Bye, bye, people. I’ll call you later. Are you going home now? To all the dusty rented rooms, nasty pine furniture with walls on other people’s flushing toilets, Skype calls and rhythmic thuds they try to obscure with loud beats of an album on repeat. Another aeroplane. A train. We reside near transport under a flight-path. 8/1/14
Yesterday’s poem, “Would you ever live in Heather Green?”, introduced the subject matter of London’s rented rooms. According to the dates ascribed in my notes to each poem, the starting drafts for each are separated by nearly a year. With this information in mind, I have tried to assess whether the poetic narrator’s point of view or tone differs between the two vignettes. While “Molten Hour” is endowed the evocative title, it is filled with the invasive noises of close living. “Heather Green” turns to irony by its conclusion, but outlines an attempt at staged domesticity by including home-ware objects and comforting rituals (making tea, lighting candles). Even the references to unnecessary lawn moving and the absent heather posit the presence of both in the reader’s mind.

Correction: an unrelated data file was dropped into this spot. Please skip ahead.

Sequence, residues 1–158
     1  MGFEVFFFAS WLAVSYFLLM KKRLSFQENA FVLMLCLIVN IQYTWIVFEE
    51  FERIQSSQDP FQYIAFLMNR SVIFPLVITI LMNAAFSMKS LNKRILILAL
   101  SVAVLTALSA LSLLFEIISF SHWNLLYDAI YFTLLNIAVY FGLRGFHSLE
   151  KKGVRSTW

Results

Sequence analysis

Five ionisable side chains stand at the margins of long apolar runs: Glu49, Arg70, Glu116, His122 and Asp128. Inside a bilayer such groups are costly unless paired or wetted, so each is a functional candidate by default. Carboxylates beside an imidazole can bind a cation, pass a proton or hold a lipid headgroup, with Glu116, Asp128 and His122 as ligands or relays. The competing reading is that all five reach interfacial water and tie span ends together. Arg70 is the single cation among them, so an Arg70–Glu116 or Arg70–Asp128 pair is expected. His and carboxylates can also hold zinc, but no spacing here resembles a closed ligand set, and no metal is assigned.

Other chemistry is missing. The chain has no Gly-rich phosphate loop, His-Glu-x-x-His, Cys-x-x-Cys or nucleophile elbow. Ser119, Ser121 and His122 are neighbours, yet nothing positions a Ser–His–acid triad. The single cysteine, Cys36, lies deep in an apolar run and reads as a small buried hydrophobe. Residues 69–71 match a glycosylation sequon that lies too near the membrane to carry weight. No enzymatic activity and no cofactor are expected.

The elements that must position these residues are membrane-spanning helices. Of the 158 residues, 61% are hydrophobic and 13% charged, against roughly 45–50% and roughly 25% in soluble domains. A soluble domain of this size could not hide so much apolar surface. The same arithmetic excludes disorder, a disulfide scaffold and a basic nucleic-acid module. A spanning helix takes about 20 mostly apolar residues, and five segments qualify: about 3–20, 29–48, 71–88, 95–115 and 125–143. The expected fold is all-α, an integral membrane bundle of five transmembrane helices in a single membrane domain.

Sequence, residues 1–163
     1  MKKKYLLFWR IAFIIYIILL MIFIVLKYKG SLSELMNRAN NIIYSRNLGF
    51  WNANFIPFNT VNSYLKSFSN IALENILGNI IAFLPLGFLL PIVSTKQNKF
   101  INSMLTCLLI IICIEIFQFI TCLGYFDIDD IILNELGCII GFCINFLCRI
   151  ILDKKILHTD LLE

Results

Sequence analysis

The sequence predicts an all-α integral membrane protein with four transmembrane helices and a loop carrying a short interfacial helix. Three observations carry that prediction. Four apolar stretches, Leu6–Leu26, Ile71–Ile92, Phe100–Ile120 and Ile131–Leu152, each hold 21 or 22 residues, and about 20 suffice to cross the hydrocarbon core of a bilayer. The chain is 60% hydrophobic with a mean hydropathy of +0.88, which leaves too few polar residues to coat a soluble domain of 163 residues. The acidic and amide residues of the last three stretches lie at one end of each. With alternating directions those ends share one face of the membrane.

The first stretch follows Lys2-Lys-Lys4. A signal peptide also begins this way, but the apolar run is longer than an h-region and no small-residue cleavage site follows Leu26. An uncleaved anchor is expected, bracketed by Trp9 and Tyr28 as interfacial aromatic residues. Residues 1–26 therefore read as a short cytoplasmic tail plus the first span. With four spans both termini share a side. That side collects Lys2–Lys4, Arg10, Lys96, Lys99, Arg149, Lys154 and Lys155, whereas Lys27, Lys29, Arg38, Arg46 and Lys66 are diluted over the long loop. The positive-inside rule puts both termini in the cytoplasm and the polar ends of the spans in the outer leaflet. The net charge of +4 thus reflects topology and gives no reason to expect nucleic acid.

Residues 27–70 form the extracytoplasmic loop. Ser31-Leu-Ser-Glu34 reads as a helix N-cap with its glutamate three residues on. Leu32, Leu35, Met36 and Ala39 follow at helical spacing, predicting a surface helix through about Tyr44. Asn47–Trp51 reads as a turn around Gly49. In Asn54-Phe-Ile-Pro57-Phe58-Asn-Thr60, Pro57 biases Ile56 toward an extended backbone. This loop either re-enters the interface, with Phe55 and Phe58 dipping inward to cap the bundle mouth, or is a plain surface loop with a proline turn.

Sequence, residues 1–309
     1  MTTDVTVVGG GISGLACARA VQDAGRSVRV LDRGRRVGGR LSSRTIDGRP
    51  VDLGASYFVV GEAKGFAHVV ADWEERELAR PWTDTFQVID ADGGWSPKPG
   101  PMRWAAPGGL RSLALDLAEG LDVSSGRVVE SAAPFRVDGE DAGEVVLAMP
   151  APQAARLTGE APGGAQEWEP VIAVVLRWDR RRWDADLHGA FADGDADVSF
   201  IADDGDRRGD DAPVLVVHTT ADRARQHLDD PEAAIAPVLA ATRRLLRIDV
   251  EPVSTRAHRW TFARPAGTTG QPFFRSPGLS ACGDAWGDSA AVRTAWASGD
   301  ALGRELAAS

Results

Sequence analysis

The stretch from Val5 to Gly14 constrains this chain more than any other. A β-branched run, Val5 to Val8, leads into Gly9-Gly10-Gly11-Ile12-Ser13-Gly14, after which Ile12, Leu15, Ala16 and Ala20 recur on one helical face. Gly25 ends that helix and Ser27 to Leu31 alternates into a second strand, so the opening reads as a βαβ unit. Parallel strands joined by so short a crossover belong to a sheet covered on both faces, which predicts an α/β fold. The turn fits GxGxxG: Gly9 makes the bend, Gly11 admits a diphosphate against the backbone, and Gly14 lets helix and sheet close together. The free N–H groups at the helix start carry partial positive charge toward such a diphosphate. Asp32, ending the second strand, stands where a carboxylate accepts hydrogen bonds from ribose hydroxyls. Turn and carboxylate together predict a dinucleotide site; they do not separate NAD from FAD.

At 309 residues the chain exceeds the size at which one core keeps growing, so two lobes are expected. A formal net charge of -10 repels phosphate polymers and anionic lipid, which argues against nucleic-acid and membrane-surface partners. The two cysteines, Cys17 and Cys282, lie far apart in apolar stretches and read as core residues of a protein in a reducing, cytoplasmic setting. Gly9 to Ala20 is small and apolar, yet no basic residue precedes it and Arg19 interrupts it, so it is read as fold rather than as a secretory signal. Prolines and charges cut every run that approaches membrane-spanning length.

P.S. It is not without resonance that these poems commence this month of intensive posting. I am seeking alternative rented accommodation in London, on a poet’s oilcloth and erratic self-employment (as a copyeditor). If you happen to know of a waterproof garden folly… please send word via Twitter or Facebook.
Collected poems in book form, available for preview and purchase:
Emily’s Poems for Modern Boys
Shining in Brightness